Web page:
bits and bobs

 

Thoughts on writing A Haunting of Roses…

What to do is as plain as the nose on my face. At plot group I was advised to get rid of the prologue and begin at Chapter I with the murder. Okay. No problem, but now the decision is if I begin with the murder and follow with the detectives, that is, my inquisitor and his physician assistant, then the mystery follows the cosy style, although it’s more like a thriller in content. It becomes a matter of Inquisitor Mira and Physician Evara puzzling out who did it.


On the other hand I could begin with Marisandra’s dilemma—that’s the first set-up for a motive to murder. I would have to follow with other set-ups of suspects and motives: Chard Roelof maybe, certainly the Geddes situation, and Lady Elynde’s unhappy situation, and finally the true reason for the murders would come to light, that is, must be woven in so that Inquisitor Mira (and the reader) could figure it out. The focus would be more on characters than puzzle, although the murder is a puzzle, the truth would be misdirected–heh, heh.

hand full of words

A warm, playful wind has been buffeting the trees and pushing clouds about the sky all week. I’ve been buffeting my brain and keeping my hands full of words.

For A Fall of Diamonds, wrote character arc notes and now have at least 3 new scenes to write and a way into each. Scene planning is proving fruitful. I hate sitting down to write with a head full of ice, like the plains of Antartica.

Today is edit day for my most recent scenes for  A Haunting of Roses. I’ve restricted my editing to once a week on Sundays where I read over the scenes I wrote during the week, edit and make notes and figure out exactly what the scene is about. While writing I’m all too aware of the flaws and lacks, but the point is to get it down and keep moving. I think about that scene in Pitch Black where the survivors of the spaceship wreck must run the gamut in the dangerous dark strung with a few lights to keep off the voracious creatures populating the planet. Their lights had limited power so they had to keep moving. That’s me. If I pause, my savage internal editor will eviscerate me like those clawed, vicious creatures in the movie so I keep my hands full of words to light my way from sentence to paragraph, and on Sundays I can look at what I wrote. I wrote an AHR scene on Friday that lacks emotional punch so I’ll be looking at it today.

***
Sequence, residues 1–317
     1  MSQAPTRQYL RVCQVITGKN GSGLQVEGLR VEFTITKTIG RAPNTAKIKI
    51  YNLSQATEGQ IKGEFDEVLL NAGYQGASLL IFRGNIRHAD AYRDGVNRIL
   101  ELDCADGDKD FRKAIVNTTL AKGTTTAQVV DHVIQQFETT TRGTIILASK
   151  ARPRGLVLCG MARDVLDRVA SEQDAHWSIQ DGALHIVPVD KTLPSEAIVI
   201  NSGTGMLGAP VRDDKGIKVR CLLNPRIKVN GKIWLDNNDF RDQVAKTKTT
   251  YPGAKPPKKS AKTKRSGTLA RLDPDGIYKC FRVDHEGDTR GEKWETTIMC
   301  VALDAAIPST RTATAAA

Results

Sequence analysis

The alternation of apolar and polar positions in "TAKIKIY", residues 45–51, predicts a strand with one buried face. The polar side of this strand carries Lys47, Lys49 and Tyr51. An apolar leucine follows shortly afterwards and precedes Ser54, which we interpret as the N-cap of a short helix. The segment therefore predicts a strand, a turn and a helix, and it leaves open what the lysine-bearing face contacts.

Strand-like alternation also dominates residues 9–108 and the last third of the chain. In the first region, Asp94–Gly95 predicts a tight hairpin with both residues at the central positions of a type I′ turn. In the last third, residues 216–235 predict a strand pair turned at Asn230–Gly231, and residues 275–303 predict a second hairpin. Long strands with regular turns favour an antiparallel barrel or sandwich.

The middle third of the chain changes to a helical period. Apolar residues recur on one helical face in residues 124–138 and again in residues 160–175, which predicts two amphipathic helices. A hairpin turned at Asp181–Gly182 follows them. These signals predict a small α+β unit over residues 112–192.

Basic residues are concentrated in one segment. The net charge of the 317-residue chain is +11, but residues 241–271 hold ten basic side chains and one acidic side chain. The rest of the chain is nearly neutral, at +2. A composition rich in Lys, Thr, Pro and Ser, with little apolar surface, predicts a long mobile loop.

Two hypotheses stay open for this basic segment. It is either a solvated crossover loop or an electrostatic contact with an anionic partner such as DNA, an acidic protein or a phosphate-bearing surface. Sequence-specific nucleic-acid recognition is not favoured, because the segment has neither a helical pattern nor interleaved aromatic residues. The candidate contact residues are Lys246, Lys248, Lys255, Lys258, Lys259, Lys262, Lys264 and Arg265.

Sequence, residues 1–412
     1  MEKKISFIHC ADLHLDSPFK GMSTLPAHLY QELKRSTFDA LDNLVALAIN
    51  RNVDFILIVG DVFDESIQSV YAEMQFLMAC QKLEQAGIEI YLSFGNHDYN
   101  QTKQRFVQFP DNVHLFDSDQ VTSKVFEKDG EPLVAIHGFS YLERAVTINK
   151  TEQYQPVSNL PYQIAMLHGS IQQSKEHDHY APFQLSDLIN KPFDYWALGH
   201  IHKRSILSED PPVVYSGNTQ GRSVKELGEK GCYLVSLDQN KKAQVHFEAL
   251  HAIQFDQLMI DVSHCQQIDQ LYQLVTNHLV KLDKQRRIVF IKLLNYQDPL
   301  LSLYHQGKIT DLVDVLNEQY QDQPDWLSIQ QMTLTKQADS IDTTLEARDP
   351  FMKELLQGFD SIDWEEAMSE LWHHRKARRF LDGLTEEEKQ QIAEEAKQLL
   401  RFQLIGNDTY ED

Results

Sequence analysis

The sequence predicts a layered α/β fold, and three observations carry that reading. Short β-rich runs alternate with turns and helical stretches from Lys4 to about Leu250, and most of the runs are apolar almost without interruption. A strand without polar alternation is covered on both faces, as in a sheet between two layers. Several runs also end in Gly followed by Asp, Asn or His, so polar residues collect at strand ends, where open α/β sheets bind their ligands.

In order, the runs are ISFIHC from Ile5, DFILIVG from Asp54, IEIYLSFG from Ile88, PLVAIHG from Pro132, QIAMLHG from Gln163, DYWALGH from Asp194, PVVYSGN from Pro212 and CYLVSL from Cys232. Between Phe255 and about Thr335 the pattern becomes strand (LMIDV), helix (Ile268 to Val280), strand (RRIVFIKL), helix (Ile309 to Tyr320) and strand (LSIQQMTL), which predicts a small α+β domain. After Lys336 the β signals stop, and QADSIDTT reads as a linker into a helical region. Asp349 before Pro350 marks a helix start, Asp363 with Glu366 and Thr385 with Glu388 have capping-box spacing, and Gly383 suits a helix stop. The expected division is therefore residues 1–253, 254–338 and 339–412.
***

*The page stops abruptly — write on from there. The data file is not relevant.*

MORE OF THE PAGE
Sunday is also my short story workshop day when I fiddle with whichever piece of short fiction tugging on my mind. These 3 articles, https://tinyurl.com/n8zwnnxhttps://tinyurl.com/kuyukbf, and https://tinyurl.com/l9xuvs8 written by Michelle Knowlden at ocwriters.network are the lights in that particular darkness.

Time to get to work.

Happy writing!

 

it is a monsooned malabar morning

This morning a warm wind blusters through the freshly-leaved branches of the pecan tree, the young leaves flutter, the squash plants lift and sway, boxed about by the wind, the lacy branches of the tree near the shed bob about, the birds call, the wind wooshes, the air is scentless. A dull light suffuses the sky, gray and sunless.

It’s seven o’clock. I’ve got my coffee, Trader Joe’s Monsooned Malabar, a gift from my best friend, there are no TJ’s in Alabama. I plan to write as much as I can today. Tomorrow I’ve a plot meeting via FaceTime. A Fall of Diamonds has been at rest for the past week. I’ve got plot issues I hope to resolve during the meeting.

I’m very happy about my progress with A Haunting of Roses, writing 3,215 words this week, but I want to hit a higher benchmark.